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1950’s Feminist campaigner returns to revisit her Cause célèbre

Sheila Parry (nee Davies) during her college days.Sheila Parry (nee Davies) during her college days.

Now in her 80’s, Sheila Parry (nee Davies), an early campaigner for equality for women students, whose activism led to her being expelled from Bangor’s Coleg Normal in 1953, returns to Bangor (Friday 5 September 5.30) to share her memories of events which led to the Coleg Normal being discussed in parliament.

Sheila Davies will visit what was once the Normal College, now part of Bangor University, for the launch of Back to Normal. An English version of Bywyd Normal, published in 2011, the book provides a glimpse into the history of the Normal College, from the perspective of its students.

The College’s reaction to a campaign for greater freedom for women students, led by Sheila Davies, as President of the Women’s Council, was covered by the national media, and the whole episode went as far as becoming the subject of debate at Westminster and an investigation by the Ministry of Education.

The men at the College had a forum to express their views, the women students, little. A Women’s Council had been recently created, but was paid only lip-service by the college authorities.

Sheila Davies, who came to Bangor from Ystrad in the Rhondda, had been elected President of a newly formed Women’s Council for the 52-53 academic year.  She had seen how the Council was only convened when College authorities needed it, and, as they had a majority on the Council they vetoed any decisions. Sheila and the student body therefore decided that the way forward was to follow what other students’ unions had done and work with the guidance of the National Union of Students (NUS). With NUS advice and assistance, a petition listing numerous complaints regarding the perceived severity of College rules as they affected the women was drafted under her leadership, and presented to the Principal, Dr Richard Thomas.

The demands made for women students in the petition will seem incredible to today’s student. They included items such as being allowed to go out without explaining where they were going or with whom and the automatic switching off of their lights at 10.45 instead of 10.15! Male students had far more freedom to act as they pleased.

Sheila herself recalls:

“I was looking forward to the move to north Wales, but shortly after settling in at Bangor, I came to feel a strong sense of injustice at the rules and restrictions on our activities and to realise that we were the ‘Cinderellas’ of the social scene. We socialised with student at the University and St Mary’s College, and the women students there, and of course the men, had far fewer restrictions than we did.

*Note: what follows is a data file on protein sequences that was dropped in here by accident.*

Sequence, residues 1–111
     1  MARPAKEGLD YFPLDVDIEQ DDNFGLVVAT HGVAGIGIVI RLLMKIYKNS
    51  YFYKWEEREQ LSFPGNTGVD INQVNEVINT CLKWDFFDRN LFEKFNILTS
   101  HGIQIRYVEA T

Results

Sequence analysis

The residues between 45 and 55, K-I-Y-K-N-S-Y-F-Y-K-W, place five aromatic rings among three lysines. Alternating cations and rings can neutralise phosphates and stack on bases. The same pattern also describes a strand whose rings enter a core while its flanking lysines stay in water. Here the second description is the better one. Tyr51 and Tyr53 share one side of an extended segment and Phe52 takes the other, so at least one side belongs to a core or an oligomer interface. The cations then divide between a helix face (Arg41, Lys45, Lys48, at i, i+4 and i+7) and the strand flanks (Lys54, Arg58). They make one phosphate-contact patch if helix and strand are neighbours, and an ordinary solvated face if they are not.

“My upbringing had prepared me to take on the fight, and my parents were prepared to support me.”

As Dr Tudor Ellis relates in ‘Back to Normal’:

“In response to her action in presenting the petition and her subsequent refusal, following advice from the NUS, to meet the Principal unaccompanied by her colleagues, the Principal decided on 30 January 1953 that Sheila Davies be sent home.”

Sheila was in fact, expelled within a few months of completing her domestic science teaching course. She was ‘scapegoated’ by the authorities, who portrayed the issue as being one with an individual rather than a representative of a student body. The demands made by those signing the petition were not given due consideration by the college authorities.

After the intervention of the Ministry of Education, Sheila was able to complete her course at another college. However, the advent of equality for women students was slow. It was only when Dr Jim Davies was made Principal of the Coleg Normal in 1969 that women gained more freedoms, and these, when they came, were accepted quietly and without remark.

Fred Jarvis, then President of the NUS and later to climb the high ranks of the National Union of Teachers, in his autobiography, 'You Never Know Your Luck' (2014), says the Sheila Davies case: “enabled us [at the NUS] to open up the whole issue of the attitude of training colleges to their students, an attitude that would not be tolerated if adopted in the universities.  From that point on, the situation in the colleges improved.” (p. 59)

Now translated into English by the author, Dr Tudor Ellis, a former lecturer at the Coleg Normal, Back to Normal is being launched at an event at Bangor University’s Management Centre at 5.30 on 5 September. Back to Normal is available in bookshops for £12.99. Copies can be ordered by sending a cheque for £15.49 (inc posting) payable to Prifysgol Bangor to Gillian Pritchard, School of Education, Safle'r Normal, Bangor LL57 2PZ.

Publication date: 21 August 2014